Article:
Back to Geneva. The text step for WIPO was to discuss the treaty proposal. It was on the agenda for discussion at the SCCR meeting in December 2009, and was the most anticipated agenda item of the meeting. Seventeen NGOs representing blind and reading disabled persons had applied for special ad hoc accreditation to attend the meeting in
support of the proposal.
What happened at this meeting was that after a series of interventions by government delegations, the U.S. delegation delivered an extraordinary statement. It expressed a firm commitment to reaching international consensus on copyright exceptions for persons with print disabilities, especially on cross-border distribution. It was a powerful statement and a dramatic moment that changed the tenor of the WIPO discussion. It was the major event at this meeting, it was exhilarating.
But I suppose it was too much to hope that a solution would be reached quickly. Since that meeting, three new proposals on limitations and exceptions for the reading disabled have been submitted — by the U.S., E.U., and the African Group. There are now four, and they are all very different, they all have a different focus. What this means is that the discussion has shifted to the issue of how to proceed on the issue.
During the SCCR meeting in June 2010, most delegations expressed appreciation for all the proposals, agreeing that the needs of the blind and visually disabled require a timely solution. But when it came time to draft conclusions of the meeting on the final day, disagreements surfaced. The delegations could not agree on how to proceed, and this issue was left without a written conclusion.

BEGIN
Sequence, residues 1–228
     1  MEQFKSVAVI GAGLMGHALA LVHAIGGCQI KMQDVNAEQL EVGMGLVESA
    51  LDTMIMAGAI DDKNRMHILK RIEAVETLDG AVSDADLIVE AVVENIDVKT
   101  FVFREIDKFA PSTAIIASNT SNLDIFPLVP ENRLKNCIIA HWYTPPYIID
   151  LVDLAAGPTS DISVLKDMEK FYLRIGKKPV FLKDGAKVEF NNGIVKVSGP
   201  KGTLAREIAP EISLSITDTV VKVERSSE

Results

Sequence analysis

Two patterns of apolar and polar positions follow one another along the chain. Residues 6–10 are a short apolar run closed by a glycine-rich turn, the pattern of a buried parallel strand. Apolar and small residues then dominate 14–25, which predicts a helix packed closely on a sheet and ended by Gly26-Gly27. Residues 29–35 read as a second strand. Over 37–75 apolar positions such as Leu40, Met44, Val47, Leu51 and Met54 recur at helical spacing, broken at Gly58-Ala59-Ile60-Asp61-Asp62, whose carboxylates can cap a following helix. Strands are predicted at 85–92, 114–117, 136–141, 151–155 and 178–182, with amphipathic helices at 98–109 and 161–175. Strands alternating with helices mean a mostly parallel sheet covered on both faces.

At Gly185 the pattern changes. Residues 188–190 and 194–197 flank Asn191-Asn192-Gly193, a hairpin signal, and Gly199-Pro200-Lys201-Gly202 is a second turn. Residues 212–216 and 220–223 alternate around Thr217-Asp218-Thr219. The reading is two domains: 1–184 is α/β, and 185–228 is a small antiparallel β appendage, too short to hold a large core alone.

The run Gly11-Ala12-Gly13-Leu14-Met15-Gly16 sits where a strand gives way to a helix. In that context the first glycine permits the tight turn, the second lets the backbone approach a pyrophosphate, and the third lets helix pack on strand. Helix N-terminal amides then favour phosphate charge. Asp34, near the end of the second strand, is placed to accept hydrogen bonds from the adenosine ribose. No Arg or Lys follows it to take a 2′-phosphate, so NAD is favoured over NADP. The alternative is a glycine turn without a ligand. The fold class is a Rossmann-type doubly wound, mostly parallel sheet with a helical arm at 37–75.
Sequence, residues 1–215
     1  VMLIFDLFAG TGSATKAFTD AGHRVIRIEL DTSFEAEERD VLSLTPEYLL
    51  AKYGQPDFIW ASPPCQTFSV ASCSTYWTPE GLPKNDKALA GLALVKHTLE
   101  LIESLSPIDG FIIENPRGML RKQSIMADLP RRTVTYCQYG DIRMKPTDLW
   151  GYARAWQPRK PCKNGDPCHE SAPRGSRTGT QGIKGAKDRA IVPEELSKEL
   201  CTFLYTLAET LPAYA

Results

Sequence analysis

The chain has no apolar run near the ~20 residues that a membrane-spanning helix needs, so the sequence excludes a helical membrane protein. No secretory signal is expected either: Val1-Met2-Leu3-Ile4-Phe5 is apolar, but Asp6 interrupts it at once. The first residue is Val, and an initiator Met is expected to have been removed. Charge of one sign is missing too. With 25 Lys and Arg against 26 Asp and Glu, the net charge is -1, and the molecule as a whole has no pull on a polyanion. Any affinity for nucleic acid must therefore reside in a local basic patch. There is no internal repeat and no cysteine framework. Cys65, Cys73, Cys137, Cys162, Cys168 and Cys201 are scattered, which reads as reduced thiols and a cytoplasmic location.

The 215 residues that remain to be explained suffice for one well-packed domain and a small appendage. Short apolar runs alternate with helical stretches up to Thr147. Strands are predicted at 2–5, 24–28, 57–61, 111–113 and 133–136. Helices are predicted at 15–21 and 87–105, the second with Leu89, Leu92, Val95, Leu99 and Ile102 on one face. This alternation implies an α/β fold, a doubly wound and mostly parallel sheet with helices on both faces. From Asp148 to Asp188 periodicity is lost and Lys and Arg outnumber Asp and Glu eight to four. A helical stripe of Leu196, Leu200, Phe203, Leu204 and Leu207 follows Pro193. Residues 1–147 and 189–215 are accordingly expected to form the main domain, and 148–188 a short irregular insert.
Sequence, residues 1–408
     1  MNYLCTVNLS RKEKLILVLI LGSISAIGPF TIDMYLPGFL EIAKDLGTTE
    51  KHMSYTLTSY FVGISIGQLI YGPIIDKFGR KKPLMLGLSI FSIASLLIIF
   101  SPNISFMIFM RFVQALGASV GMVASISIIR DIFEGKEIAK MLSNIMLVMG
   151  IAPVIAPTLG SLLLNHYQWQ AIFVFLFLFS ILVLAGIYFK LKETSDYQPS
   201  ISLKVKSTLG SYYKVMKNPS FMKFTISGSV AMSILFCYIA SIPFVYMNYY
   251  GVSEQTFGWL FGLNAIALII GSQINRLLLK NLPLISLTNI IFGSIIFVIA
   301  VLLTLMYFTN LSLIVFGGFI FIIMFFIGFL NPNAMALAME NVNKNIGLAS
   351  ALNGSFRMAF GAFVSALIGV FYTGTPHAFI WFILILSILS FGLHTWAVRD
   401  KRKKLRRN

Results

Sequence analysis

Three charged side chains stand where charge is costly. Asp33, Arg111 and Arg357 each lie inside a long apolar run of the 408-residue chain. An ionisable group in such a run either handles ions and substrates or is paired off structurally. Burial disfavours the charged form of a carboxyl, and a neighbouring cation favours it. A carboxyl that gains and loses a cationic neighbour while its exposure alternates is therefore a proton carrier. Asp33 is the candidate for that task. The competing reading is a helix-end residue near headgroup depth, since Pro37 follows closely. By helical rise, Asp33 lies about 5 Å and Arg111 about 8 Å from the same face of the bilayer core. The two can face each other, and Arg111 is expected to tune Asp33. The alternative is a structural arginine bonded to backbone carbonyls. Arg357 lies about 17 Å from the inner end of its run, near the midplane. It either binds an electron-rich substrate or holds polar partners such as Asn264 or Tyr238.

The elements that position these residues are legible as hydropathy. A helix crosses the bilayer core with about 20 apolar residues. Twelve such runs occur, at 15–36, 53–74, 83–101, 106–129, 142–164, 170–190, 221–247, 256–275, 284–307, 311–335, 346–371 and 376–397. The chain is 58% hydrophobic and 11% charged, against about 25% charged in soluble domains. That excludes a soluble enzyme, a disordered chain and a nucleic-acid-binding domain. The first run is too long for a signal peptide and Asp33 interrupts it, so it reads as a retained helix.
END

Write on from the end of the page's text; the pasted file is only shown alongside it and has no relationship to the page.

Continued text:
So we are back to a situation of uncertainty over what will happen. The issue has momentum and there is universal agreement that something needs to happen to improve accessibility for blind and reading disabled persons. It’s just not clear how quickly WIPO will come to a solution. The discussion will continue at the SCCR meeting in November. Needless to say, after the promising developments at the December 2009 meeting, the June 2010 meeting felt like a setback to many who attended.
Mary Minow: What are some of the frustrations you find in negotiations that have nothing to do with the merits of the discussion?
Janice Pilch: The slowness of the process can be frustrating. Because there are so many delegations weighing in on the deliberations, it can take days to complete discussion of one topic. The issues are complex and views often do not line up in ways that lead to clear solutions. I admire the ability of the committee chairs to work through discussions that can become quite entangled.
WIPO is consensus-based organization, and decisions can be reached only if there is full agreement. This has both good and bad consequences. When delegations agree on issues, the discussions are fruitful. But when political tensions arise, you see tactics used to stall or block the process, that can affect progress for years on end.
Mary Minow: Anything hopeful?
Janice Pilch: Yes, I think it’s all hopeful. Things might not change quickly, but the issues are moving in hopeful directions. The Development Agenda is progressing. New issues of open access, open licensing, and flexibilities in national law are being discussed in connection with projects designed to implement the Development Agenda. The SCCR has the issue of copyright limitations and exceptions on its agenda, and this offers us a chance to influence the way that libraries and archives use copyrighted works into the future, and it also offers a window of opportunity to improve copyright exceptions for education globally. The issue of copyright limitations and exceptions for the blind and reading disabled is receiving the most attention right now, and there is a sincere desire to reach a solution. The U.S. delegation is making great efforts to reach consensus on a solution to benefit blind and reading disabled persons.
In the matter of protection of traditional cultural expression, it’s hard to predict what the final result will be, or whether WIPO will be able to find an effective solution based on western legal norms.It is significant that indigenous representatives continue to be astrong force at WIPO, advocating for solutions that reflect their world views and their authority. This in itself is a positive influence, that goes beyond discussions of copyright law to issues of cultural sensitivity, respect, and recognition that belong in all national and international discussions. This is an important part of the process.